Q: Let’s put this issue and what’s happening here in the bigger context of the struggles going on within the US Episcopal Church, and even more broadly within the worldwide Anglican Communion. Have you thought about the impact what you are doing here may have on those wider decisions? Is there a worry or a thought at all that this might in some way exacerbate the tensions?
A: Rather than being worried about the impact of what we’re doing, I’m very excited about the impact of what we’re doing, because I’ve been in the church and have been a priest long enough to have seen the inclusion of women in ordination to the priesthood, and it took some pioneering leaders of the church to step out and say God is for all, and the church had to grapple with the reality of women who were ordained priests. The church will have to grapple with gay and lesbian members who are married, and it will cause some bit of chaos and some bit of rocking the boat, disequilibrium for a while, but the church is led by the Holy Spirit, and I have great excitement and great joy and great confidence that the Holy Spirit will lead us into all truth, which will be about embracing all people.
Q: Bishops from around the world will be gathering for the Lambeth Conference. Is there a sense that while the leaders are gathering and there are going to be conversations, Lambeth is all about conversation? Do you feel like, at the church level, you all are saying, “We’re moving forward while you all are talking”?
A: Absolutely. The church is moving forward. The church in its pastoral responsibilities to the people of the pew must be engaging, consoling, comforting, empowering rather than abusing its members. So we have a responsibility here on the ground, at the grassroots level, to move forward with justice, inclusion, love, and compassion, and the bishops can talk about it, but we think the bishops will come around and see that we are exercising great pastoral responsibility.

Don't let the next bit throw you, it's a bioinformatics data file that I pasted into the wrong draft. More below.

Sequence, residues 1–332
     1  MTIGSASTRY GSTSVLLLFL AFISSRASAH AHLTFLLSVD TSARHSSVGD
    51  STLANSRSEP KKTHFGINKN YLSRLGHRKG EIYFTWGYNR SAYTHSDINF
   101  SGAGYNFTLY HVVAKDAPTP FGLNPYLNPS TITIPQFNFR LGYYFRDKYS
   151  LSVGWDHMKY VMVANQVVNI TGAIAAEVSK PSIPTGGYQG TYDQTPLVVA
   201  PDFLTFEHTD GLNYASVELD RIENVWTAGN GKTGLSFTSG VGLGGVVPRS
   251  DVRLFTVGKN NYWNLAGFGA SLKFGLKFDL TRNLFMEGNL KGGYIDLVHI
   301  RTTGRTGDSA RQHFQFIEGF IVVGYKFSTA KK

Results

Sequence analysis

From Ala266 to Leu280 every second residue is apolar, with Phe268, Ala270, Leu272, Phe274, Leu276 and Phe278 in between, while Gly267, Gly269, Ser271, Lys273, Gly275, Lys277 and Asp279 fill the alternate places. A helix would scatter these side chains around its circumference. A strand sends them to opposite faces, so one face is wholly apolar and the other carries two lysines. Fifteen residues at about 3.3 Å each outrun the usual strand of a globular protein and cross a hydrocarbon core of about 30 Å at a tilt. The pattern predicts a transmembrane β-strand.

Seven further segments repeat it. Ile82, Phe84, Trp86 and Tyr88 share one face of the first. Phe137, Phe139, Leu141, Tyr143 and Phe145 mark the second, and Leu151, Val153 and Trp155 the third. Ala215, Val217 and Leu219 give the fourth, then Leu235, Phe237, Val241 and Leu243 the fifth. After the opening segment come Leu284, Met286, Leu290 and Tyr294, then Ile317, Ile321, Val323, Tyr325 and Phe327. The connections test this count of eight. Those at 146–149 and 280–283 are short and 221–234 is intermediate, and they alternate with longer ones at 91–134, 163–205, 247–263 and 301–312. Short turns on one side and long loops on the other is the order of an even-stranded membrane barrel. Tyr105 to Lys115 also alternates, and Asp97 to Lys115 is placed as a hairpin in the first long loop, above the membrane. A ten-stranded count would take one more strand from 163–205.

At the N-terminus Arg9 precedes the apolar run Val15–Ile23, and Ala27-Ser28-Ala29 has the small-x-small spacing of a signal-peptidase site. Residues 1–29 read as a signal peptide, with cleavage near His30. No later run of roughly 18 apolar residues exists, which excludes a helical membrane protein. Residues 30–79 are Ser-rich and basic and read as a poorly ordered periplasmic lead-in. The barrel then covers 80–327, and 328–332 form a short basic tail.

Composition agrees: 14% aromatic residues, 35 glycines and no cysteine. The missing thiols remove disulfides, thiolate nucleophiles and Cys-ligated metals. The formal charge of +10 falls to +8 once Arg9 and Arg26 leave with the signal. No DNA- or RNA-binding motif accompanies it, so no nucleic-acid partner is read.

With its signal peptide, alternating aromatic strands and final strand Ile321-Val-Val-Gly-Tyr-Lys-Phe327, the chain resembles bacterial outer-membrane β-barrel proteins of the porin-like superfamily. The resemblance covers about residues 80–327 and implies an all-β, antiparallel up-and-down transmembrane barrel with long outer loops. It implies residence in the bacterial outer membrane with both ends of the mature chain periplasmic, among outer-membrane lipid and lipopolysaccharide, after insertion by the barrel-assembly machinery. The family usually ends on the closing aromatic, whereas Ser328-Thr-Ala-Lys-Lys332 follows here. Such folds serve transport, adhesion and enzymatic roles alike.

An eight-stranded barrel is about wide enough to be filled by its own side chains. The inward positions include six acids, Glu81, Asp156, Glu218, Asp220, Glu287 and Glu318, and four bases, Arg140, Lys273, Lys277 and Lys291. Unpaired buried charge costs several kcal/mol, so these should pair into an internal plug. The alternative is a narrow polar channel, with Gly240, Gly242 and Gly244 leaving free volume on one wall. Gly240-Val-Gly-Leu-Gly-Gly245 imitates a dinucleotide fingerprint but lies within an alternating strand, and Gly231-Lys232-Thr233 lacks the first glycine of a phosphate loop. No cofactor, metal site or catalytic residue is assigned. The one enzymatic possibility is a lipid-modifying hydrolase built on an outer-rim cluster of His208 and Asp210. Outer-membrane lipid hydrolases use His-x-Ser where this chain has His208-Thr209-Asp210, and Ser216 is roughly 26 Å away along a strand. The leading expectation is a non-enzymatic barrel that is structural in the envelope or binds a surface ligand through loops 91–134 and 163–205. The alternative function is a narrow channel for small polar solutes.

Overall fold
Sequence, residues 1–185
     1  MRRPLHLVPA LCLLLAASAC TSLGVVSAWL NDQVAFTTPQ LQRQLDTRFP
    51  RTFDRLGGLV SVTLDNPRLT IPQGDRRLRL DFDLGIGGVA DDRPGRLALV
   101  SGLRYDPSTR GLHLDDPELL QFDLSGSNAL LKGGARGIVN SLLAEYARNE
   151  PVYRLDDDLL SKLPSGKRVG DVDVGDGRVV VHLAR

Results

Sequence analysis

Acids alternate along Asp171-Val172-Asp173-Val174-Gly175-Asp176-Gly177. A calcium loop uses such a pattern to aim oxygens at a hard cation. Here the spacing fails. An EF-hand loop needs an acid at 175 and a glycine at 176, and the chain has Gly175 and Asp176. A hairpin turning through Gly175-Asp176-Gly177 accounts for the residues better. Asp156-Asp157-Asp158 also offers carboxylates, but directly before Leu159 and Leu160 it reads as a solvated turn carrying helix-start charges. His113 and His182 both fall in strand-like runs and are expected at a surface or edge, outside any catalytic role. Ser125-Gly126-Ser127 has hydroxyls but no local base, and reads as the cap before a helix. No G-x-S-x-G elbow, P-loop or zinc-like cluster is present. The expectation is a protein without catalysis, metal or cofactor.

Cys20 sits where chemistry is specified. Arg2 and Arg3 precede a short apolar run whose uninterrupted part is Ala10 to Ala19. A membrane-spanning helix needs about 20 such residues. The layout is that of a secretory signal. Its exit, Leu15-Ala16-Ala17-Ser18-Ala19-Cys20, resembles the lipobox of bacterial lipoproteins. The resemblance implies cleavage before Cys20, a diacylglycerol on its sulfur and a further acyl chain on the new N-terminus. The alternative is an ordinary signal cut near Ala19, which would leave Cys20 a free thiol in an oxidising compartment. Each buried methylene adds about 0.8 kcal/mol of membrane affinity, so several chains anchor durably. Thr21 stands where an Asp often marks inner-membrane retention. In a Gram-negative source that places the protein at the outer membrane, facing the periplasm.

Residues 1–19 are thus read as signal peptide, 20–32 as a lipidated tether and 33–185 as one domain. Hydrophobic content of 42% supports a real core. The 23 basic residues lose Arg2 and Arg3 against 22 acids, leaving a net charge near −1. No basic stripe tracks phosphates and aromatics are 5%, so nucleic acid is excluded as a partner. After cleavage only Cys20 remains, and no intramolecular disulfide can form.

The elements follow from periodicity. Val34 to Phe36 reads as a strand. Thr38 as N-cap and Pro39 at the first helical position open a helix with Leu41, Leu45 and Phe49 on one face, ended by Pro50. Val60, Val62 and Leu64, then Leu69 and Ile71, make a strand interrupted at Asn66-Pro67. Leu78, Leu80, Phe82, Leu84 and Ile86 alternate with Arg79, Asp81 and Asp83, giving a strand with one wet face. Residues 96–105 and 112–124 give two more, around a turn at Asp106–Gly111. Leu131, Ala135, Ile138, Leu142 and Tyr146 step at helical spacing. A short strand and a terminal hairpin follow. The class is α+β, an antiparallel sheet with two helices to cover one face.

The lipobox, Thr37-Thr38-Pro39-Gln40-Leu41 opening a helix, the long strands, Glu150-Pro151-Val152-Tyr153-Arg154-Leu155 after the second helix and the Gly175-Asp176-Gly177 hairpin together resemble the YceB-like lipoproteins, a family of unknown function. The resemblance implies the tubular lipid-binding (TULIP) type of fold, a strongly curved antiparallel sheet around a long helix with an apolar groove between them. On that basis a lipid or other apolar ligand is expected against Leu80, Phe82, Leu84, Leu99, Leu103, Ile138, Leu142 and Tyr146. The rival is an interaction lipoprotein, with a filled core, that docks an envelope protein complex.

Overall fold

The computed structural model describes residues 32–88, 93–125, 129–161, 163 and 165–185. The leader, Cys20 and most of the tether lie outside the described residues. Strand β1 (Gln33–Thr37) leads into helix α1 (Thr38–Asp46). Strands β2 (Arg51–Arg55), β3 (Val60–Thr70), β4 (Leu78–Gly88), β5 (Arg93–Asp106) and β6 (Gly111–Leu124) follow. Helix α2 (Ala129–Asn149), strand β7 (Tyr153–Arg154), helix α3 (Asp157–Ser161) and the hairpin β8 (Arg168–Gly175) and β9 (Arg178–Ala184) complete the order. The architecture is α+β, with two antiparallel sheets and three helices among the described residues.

Q: For those who say this is a violation of Scripture and what they think Anglican tradition and historic Christianity teach, where does this leave them?
A: My experience, again, is quite lengthy, and I’ve seen people leave the church over the ordination of women and the change in the prayer book, and then I’ve seen those people come back after they grapple with issues of inclusion and justice. So I have every confidence that those who might leave would be leaving temporarily and then come back. I had a marvelous experience in my former post where I was called by a congregation in the city who had left the cathedral prior to my being the dean there, asking to come back, saying that they knew that the trajectory they were on was a dead end street, and it ended in anger and splinteredness, and they wanted to come back in. I have every confidence that’s going to happen with us.
Q: What is your message, then, for the bishops meeting at Lambeth?
A: My message for the bishops who are meeting in Lambeth is to open the depths of their being, their conscience, their hearts, their minds, and in their community to the movement of the Holy Spirit that leads them into all truth, that blows where it wills, it’s always leading toward inclusion, and then to have the courage of the convictions that come from listening to the Holy Spirit.